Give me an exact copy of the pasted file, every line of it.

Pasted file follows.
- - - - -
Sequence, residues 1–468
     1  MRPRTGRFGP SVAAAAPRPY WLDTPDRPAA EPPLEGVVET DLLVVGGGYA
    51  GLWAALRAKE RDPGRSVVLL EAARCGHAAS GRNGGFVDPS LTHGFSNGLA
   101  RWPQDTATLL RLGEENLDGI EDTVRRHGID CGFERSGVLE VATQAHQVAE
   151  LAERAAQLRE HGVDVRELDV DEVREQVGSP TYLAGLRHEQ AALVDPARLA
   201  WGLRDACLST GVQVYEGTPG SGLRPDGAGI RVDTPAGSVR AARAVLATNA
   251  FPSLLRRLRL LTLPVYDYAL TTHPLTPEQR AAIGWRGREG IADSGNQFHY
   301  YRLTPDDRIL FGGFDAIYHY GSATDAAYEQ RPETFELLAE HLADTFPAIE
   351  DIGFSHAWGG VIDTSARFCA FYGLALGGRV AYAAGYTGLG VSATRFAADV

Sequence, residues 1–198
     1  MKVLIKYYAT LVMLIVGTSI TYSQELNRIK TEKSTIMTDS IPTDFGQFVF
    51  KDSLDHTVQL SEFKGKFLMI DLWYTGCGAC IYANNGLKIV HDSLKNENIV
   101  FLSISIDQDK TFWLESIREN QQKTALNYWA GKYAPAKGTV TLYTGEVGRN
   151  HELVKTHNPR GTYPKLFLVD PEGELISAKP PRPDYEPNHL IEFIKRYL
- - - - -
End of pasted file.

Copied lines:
Sequence, residues 1–468
     1  MRPRTGRFGP SVAAAAPRPY WLDTPDRPAA EPPLEGVVET DLLVVGGGYA
    51  GLWAALRAKE RDPGRSVVLL EAARCGHAAS GRNGGFVDPS LTHGFSNGLA
   101  RWPQDTATLL RLGEENLDGI EDTVRRHGID CGFERSGVLE VATQAHQVAE
   151  LAERAAQLRE HGVDVRELDV DEVREQVGSP TYLAGLRHEQ AALVDPARLA
   201  WGLRDACLST GVQVYEGTPG SGLRPDGAGI RVDTPAGSVR AARAVLATNA
   251  FPSLLRRLRL LTLPVYDYAL TTHPLTPEQR AAIGWRGREG IADSGNQFHY
   301  YRLTPDDRIL FGGFDAIYHY GSATDAAYEQ RPETFELLAE HLADTFPAIE
   351  DIGFSHAWGG VIDTSARFCA FYGLALGGRV AYAAGYTGLG VSATRFAADV

Sequence, residues 1–198
     1  MKVLIKYYAT LVMLIVGTSI TYSQELNRIK TEKSTIMTDS IPTDFGQFVF
    51  KDSLDHTVQL SEFKGKFLMI DLWYTGCGAC IYANNGLKIV HDSLKNENIV
   101  FLSISIDQDK TFWLESIREN QQKTALNYWA GKYAPAKGTV TLYTGEVGRN
   151  HELVKTHNPR GTYPKLFLVD PEGELISAKP PRPDYEPNHL IEFIKRYL